First, I’m not happy with the Try/Catch. I’d rather wrap that up with a Fubu Behavior. But let’s move on for a second.
If all goes well, I’m going to update my Foo and redirect to wherever using the IRedirectable interface. A lot of FubuMVC POST examples return FubuContinuation to handle the redirection, but I wanted to be able to return my view model directly from the POST to avoid having to find a way to get the data over to the GET method.
If my request goes sideways, I should be able to get all the data I need from my InputModel in order to build a RequestModel. With that RequestModel, I can simply execute the GET and obtain a ViewModel. Now I can just use AutoMapper to copy over the InputModel properties over the ViewModel and I should be golden. FubuMVC really shines here. In my ASP.Net version of this, the action method returns a ViewResult which I had to crack open in order to find and modify the view model within.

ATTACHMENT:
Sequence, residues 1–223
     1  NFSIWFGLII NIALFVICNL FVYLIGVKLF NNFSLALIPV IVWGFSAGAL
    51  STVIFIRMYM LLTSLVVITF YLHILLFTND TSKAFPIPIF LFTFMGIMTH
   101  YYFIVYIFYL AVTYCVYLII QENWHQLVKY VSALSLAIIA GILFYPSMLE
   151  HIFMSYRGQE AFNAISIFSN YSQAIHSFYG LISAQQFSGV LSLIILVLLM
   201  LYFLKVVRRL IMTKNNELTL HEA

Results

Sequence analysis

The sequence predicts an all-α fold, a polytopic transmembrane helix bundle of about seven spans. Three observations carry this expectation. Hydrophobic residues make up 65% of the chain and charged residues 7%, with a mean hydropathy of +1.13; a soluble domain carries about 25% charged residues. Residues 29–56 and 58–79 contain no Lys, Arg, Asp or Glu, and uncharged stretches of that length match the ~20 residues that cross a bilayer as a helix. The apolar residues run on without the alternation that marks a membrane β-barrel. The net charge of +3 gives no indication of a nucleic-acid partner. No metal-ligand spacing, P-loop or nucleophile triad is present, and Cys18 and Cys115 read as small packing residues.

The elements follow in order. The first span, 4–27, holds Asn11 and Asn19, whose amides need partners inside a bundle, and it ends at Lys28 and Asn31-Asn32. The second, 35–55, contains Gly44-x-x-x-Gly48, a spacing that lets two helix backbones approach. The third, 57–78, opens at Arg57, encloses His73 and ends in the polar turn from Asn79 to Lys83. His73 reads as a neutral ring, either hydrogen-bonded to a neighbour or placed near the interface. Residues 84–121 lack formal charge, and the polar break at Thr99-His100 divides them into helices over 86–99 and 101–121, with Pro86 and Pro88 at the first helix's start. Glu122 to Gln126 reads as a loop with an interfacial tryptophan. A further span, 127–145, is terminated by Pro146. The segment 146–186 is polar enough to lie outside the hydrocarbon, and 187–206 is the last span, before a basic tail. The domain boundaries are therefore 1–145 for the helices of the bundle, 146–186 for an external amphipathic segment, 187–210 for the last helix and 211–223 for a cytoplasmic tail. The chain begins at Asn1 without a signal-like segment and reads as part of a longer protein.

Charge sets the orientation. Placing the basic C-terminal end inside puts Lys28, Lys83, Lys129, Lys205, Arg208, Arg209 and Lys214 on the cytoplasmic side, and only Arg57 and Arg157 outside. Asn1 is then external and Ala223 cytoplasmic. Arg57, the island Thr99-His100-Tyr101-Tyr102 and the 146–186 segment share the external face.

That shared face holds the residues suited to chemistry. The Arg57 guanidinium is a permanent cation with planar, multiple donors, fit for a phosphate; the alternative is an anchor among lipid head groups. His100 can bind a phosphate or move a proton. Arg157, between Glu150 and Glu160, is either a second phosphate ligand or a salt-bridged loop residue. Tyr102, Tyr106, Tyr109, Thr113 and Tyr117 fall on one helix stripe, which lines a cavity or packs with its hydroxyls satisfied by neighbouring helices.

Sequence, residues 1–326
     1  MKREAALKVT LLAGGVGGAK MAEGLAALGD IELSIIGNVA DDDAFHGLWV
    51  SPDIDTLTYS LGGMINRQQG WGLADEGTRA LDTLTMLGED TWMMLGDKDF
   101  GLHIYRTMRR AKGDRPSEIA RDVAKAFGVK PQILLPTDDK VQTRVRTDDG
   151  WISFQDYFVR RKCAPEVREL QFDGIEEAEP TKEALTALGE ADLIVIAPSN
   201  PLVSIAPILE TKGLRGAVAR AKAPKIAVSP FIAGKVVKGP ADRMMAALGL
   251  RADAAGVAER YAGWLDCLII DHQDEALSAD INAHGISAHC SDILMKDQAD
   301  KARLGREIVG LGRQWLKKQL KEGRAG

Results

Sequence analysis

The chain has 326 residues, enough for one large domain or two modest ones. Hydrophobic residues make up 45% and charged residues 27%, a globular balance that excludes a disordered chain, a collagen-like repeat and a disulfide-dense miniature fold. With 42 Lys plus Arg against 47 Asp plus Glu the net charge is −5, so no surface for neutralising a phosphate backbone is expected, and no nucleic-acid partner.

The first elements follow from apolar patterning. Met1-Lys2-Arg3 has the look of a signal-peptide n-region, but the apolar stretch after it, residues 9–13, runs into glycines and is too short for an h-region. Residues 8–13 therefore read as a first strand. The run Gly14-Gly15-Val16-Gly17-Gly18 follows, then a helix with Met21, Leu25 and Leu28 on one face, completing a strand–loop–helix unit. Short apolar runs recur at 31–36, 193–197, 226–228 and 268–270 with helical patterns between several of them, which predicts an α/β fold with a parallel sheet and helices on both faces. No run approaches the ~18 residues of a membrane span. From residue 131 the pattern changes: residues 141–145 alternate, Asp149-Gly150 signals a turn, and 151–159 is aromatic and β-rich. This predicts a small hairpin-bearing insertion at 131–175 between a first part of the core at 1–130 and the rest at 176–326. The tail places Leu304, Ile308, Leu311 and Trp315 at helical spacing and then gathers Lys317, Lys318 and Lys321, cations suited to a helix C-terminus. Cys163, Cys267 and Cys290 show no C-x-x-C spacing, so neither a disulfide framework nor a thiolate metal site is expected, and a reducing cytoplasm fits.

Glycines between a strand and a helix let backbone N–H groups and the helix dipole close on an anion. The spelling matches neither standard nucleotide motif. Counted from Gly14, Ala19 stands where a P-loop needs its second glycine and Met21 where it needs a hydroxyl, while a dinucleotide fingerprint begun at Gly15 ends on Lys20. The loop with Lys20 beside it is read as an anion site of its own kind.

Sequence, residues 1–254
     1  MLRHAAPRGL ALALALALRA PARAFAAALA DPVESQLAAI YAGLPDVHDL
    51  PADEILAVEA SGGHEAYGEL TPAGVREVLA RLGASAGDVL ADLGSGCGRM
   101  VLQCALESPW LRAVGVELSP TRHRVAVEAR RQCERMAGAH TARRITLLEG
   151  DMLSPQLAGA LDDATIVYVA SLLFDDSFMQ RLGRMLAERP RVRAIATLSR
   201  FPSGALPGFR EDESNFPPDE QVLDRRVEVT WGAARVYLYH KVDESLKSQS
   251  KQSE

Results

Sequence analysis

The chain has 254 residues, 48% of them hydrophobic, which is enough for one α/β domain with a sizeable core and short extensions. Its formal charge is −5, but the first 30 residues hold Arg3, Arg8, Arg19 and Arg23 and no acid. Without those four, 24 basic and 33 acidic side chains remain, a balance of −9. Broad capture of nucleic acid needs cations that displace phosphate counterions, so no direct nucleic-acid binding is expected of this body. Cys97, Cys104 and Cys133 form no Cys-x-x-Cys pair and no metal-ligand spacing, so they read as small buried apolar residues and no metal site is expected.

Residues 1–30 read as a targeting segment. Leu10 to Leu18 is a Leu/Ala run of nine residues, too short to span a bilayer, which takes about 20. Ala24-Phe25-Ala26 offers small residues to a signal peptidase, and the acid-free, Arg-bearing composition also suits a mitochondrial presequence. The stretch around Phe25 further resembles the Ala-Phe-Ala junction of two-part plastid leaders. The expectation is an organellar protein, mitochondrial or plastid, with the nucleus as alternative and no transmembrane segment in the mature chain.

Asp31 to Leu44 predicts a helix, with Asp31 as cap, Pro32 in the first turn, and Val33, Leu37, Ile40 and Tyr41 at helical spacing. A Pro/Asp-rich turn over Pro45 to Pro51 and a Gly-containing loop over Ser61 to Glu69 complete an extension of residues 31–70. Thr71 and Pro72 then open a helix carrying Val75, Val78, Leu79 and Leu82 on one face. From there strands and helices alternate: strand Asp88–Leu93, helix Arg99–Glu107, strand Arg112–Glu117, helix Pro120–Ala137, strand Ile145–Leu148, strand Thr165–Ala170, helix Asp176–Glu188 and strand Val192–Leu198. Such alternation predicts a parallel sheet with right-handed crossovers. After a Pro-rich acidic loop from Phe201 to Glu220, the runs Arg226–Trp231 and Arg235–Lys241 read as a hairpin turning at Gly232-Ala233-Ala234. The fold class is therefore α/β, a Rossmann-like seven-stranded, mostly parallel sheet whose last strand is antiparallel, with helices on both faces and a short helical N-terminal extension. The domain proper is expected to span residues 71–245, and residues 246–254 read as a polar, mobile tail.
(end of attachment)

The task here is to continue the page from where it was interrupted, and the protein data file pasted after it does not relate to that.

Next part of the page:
Now back to that try/catch I don’t like. The FubuMVC examples I’ve seen show how to set up validation failure handlers to do something when the InputModel doesn’t validate.
It seems to me there are 4 general concepts of correctness for POSTing an InputModel.
- The data should be in the right shape (i.e., required fields are present and fields are of the right type, length, etc). This is handled by FubuValidation or Model.IsValid in ASP.Net MVC.
- The data should meet all business rules. If you GET the page a 2:55PM and submit at 3:01PM, a business rule stating that a particular BarId is not valid after 3 would invalidate the request.
- The data should pass all concurrency checks when submitted to the database. In addition, the database simply being unavailable could fail the request here.
- The data and database are in great shape, the user is authorized to make the request, but the user is POSTing data they are unauthorized for. Image a user who is allowed to POST BarIds 1-5. The user is smart and knows that BarId 15 exists and uses Firebug to alter the form before clicking submit.